When it comes to contact lenses, we as eyecare practitioners need to be focused on change management with patients. Change is critical to sustained growth. Patients’ visual worlds are constantly changing, and eyecare providers need to evolve with these changes. Whether it is new materials, new modalities, or new technologies, it is imperative to continually offer the best options for our patients’ visual well being.
Dig deep and find out patients’ visual concerns at each encounter. Be prepared to offer something new. Practitioners need to ask themselves: How am I planning to stay relevant with my patients in 2019?
Keep Up to Date
For example, a 44-year-old male patient presents complaining about his near vision for the past few months. He has never worn glasses or contact lenses previously. He is outside most of the time; he works at a local construction company, and he is a true outdoorsman. He is concerned about how eyeglasses may affect his life with work, hunting, and fishing. Where do you go from here?
Start with research in contact lenses. In health care, research is critical to the growth and acceptance of novel materials, treatments, and specific protocols. New breakthroughs within the contact lens field may change your approach, including the way a particular group of patients is fit or how a specific medical device is used. Research drives innovative ideas and development.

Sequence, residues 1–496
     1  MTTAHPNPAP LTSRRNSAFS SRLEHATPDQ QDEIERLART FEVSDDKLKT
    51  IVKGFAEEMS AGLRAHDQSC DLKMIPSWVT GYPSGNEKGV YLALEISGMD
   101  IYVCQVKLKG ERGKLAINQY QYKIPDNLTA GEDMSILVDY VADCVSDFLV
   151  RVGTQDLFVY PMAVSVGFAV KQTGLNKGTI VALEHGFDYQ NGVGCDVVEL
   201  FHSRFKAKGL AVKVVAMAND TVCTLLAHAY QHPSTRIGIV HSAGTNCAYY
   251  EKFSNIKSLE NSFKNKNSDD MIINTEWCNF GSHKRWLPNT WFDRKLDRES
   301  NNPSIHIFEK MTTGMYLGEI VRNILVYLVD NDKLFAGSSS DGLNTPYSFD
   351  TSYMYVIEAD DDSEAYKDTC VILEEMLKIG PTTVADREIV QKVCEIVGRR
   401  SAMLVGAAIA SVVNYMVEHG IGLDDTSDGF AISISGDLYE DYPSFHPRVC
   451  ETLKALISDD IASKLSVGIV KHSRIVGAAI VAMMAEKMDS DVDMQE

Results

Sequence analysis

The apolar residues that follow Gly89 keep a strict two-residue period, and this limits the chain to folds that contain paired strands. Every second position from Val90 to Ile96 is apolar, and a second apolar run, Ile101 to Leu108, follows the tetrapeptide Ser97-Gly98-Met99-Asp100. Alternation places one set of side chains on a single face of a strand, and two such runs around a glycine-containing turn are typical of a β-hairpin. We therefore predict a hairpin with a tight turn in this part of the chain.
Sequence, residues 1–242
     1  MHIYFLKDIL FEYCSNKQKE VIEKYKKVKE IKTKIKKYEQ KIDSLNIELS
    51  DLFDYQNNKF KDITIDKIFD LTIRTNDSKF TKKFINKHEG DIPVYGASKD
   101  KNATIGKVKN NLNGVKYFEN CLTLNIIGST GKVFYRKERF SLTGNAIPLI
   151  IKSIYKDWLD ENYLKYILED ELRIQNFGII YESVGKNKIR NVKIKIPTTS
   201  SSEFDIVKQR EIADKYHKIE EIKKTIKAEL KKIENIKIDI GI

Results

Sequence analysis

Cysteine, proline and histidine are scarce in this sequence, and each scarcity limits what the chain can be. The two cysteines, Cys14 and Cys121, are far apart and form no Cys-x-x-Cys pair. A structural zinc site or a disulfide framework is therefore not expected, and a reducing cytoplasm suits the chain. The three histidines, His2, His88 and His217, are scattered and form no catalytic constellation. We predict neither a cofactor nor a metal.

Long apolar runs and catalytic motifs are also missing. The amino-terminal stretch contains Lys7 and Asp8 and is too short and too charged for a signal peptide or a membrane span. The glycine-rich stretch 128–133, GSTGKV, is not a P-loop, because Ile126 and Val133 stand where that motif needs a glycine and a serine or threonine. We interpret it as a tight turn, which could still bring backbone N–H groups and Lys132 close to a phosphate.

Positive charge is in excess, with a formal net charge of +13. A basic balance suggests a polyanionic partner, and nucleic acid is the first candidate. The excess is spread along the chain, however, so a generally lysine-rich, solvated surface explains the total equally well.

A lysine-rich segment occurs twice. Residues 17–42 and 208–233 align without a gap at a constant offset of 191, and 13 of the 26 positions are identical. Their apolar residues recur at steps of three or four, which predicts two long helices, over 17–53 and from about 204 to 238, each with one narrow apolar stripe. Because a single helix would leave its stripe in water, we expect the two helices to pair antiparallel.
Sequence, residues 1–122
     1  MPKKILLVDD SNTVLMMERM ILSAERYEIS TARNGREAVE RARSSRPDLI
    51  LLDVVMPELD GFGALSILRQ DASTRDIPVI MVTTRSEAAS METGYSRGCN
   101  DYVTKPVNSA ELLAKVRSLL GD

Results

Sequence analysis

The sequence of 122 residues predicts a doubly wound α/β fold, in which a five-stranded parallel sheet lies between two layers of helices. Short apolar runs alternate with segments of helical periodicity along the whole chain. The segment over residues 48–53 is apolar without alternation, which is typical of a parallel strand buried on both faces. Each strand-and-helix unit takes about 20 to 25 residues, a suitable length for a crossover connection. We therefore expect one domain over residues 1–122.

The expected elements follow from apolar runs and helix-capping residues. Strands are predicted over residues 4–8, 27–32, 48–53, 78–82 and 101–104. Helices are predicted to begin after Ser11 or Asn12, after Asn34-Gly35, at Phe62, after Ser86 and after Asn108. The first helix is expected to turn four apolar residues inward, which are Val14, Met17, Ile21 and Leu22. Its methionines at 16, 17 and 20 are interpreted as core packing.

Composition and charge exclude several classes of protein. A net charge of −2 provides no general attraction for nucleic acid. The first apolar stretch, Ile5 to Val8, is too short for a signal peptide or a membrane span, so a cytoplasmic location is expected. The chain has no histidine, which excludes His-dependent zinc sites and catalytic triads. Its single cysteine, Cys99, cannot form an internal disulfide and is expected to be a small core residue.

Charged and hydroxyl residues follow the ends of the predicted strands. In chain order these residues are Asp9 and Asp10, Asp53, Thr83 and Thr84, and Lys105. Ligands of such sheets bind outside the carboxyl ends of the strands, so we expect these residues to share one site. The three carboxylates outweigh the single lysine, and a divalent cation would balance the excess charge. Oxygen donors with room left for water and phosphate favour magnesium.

Research information is available through professional conferences, journals, local continuing education meetings, and from peers. Bring home some change ideas from each of these encounters. Some possibilities include upgrading equipment for contact lens fitting or offering a newly developed contact lens.
Place patients at the core to optimize vision. Utilize these changes to optimize contact lens wear, and look for opportunities to increase the number of patients who are offered and fit with lenses. New lens technologies, ocular surface disease treatments, and other therapeutics may facilitate the introduction of contact lenses to those who aren’t current wearers or may optimize vision in current wearers:
- Improve Their Digital World Now, more than ever, digital devices are an integral part of daily life. I always assume that all of my patients spend a large percentage of their workdays in front of a computer and/or are using handheld devices such as smartphones or tablets throughout the day. As such, it is imperative to address this clinically with contact lens wearers.
- Presbyopia Presbyopes want their vision optimized, and contact lenses offer a great opportunity when presented. An embarrassingly low number of presbyopes are even offered contact lenses at their eye examination; only 8% reported hearing about multifocal lenses when first complaining about their near vision (Studebaker, 2009).
No Time Like the Present
Going back to our case example, if you did not think about multifocal lenses, consider rethinking your strategy. With 2019 here, look at making some changes. Make it a strong contact lens year by taking a step back to evaluate your current contact lens practice. Focus on potential opportunities to optimize patients’ vision. CLS
To obtain references for this article, please visit www.clspectrum.com/references and click on document #278.